Contributed by Julia Pöschl1, Frank Berger2, Hans Kretzschmar1 and Ulrich Schüller1
1Center for Neuropathology and Prion Research, Ludwig-Maximilians-University, Munich, Germany;
2Department of Clinical Radiology, University of Munich, Munich, Germany
CLINICAL HISTORY AND IMAGING
A 59-year old man presented with metastasizing adenocarcinoma of the lung. Within the scope of staging analysis, brain imaging was performed and showed an enlarged posterior fossa with separated cerebellar hemispheres. The cerebellar vermis was absent and instead, a tumor was attached to the meninges at the occipital part of the posterior fossa (Figure 1, Axial T2 weighted cranial MRI). The patient received radiochemotherapy, but finally died of respiratory insufficiency with diffuse alveolar damage.
MACROSCOPIC AND MICROSCOPIC PATHOLOGY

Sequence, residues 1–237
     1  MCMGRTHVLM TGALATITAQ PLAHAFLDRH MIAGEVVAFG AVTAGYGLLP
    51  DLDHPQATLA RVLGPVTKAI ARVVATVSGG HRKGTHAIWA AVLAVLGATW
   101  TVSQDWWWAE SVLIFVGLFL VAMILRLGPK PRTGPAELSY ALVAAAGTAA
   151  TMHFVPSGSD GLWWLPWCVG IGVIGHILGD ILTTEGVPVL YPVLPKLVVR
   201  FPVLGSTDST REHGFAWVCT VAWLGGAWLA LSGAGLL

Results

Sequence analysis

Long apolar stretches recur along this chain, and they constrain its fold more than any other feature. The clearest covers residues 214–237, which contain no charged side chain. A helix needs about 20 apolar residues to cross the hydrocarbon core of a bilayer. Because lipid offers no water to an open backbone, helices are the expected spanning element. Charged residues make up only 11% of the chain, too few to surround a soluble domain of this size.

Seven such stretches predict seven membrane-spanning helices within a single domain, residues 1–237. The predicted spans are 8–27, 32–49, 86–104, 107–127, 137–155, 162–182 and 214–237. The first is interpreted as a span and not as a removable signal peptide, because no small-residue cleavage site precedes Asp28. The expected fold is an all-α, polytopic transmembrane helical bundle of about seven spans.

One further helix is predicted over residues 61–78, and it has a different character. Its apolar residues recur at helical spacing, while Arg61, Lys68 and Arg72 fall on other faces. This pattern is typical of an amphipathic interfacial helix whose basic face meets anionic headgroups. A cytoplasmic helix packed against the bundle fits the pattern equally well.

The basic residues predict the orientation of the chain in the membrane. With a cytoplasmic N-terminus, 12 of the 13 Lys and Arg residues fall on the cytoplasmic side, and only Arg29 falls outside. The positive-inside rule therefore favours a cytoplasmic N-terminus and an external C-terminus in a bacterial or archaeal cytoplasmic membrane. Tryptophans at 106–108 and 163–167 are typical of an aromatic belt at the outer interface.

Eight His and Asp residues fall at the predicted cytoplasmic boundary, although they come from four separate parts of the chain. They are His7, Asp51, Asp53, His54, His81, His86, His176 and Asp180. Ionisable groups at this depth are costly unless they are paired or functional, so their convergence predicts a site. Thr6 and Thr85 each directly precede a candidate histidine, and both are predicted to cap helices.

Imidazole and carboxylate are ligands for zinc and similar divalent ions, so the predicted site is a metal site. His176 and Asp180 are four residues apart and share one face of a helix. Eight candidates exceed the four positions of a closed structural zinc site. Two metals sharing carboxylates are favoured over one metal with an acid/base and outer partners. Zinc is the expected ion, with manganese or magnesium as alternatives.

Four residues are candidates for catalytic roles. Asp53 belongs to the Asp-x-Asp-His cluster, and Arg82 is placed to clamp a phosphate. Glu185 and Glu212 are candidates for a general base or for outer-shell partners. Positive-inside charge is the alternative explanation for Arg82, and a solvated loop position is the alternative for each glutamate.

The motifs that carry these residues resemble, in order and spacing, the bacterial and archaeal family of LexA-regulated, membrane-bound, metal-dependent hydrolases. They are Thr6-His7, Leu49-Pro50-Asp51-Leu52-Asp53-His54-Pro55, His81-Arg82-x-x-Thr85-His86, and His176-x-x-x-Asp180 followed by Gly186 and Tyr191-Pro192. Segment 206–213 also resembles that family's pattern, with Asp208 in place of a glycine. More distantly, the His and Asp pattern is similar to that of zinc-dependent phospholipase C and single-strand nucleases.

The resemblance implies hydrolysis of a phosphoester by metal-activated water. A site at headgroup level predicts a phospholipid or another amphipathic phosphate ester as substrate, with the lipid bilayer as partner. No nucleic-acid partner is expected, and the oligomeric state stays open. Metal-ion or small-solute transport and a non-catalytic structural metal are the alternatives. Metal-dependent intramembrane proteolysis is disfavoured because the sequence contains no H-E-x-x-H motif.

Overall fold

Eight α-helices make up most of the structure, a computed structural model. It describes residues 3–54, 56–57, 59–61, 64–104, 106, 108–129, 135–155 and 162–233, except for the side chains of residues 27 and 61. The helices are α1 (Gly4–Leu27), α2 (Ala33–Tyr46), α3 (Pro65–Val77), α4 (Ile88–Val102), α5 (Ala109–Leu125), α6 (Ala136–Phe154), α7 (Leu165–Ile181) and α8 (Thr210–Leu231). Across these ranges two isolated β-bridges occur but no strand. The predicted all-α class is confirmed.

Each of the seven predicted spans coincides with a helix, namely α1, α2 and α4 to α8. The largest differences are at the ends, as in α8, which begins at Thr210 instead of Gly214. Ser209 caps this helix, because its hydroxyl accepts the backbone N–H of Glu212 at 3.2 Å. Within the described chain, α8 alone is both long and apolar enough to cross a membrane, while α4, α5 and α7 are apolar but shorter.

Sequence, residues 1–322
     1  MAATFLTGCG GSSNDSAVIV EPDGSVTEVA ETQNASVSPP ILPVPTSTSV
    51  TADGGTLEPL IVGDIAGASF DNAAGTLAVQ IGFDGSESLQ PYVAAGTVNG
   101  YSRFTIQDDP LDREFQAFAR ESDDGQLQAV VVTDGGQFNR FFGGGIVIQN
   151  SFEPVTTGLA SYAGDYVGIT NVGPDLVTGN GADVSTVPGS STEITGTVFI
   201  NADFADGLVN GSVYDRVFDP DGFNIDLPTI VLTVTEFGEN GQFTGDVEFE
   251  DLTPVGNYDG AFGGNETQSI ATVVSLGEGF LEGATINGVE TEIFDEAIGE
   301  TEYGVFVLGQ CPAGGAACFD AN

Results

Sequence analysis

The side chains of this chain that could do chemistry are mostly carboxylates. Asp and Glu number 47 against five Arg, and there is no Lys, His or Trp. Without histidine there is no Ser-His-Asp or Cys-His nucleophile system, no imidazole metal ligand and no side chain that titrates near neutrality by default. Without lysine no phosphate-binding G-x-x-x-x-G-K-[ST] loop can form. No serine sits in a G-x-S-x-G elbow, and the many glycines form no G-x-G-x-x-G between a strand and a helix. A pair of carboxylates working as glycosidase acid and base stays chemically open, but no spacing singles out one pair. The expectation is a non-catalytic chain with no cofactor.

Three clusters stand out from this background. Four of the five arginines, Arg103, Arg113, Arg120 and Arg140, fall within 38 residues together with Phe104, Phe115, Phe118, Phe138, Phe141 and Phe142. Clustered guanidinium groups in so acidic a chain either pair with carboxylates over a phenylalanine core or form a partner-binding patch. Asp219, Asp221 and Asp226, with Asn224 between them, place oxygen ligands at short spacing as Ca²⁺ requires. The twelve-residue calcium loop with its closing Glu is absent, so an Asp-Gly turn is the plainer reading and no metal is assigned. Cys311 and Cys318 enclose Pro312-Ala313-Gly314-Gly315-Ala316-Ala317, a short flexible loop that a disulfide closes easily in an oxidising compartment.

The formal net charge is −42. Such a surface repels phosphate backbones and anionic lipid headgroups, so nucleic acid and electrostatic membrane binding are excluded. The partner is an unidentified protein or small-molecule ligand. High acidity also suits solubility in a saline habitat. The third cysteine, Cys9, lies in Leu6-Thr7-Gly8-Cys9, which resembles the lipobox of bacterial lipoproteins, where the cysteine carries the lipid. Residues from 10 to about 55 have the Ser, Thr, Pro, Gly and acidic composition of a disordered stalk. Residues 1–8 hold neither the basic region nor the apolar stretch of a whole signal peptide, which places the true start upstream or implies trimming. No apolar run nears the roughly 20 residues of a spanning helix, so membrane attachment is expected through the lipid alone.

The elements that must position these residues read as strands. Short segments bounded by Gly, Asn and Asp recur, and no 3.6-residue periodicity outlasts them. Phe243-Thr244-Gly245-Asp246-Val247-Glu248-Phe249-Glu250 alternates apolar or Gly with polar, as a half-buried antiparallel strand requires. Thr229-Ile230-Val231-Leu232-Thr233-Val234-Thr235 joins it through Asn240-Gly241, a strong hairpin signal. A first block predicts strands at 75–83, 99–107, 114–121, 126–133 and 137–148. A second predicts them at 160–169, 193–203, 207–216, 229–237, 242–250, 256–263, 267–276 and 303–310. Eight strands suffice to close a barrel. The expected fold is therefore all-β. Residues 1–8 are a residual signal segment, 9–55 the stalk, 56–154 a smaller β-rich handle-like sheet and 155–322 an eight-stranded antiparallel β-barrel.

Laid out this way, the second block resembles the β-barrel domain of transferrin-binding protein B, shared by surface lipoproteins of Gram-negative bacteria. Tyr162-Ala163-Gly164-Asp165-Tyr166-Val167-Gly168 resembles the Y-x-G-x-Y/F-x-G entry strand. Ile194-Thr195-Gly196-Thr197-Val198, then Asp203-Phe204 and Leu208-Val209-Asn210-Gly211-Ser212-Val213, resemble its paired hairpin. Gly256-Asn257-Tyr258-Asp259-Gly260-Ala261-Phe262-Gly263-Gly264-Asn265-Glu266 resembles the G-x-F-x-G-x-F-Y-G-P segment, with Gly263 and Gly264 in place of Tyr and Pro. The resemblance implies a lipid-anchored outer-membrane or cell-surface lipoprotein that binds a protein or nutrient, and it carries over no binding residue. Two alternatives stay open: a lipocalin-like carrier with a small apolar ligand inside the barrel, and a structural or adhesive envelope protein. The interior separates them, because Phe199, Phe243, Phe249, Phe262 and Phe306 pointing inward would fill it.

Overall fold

Autopsy revealed a grossly abnormal cerebellum with absent vermis (Figure 2). The nucleus dentatus did not have the normal angular shape, but lined the fourth ventricle. The dorsal tumor was 4.5 x 3 x 1.5 cm in size and was attached to the dura mater and cystic ventricular walls (Figure 3). The tumor cross section showed white, beige and yellowish areas with indistinct borders (Figure 3). Histologically, the tumor had a heterogeneous appearance and contained mature tissues (Figures 4, 5 and 6). Cytokeratin strongly stained some cells (Figure 7) and GFAP was positive in other areas of the tumor (Figure 8). One area contained pigmented cells (Figure 9). No mitoses or necrosis was present.
Unexpectedly, another smaller lesion was found in the right cerebellar hemisphere that was gray-white with a well-defined margin (Figure 10, arrow). This lesion was not apparent on the MRI performed 6 months before death. Histology showed a malignant tumor with necrosis (Figure 11) that also stained for keratin (Figure 12).
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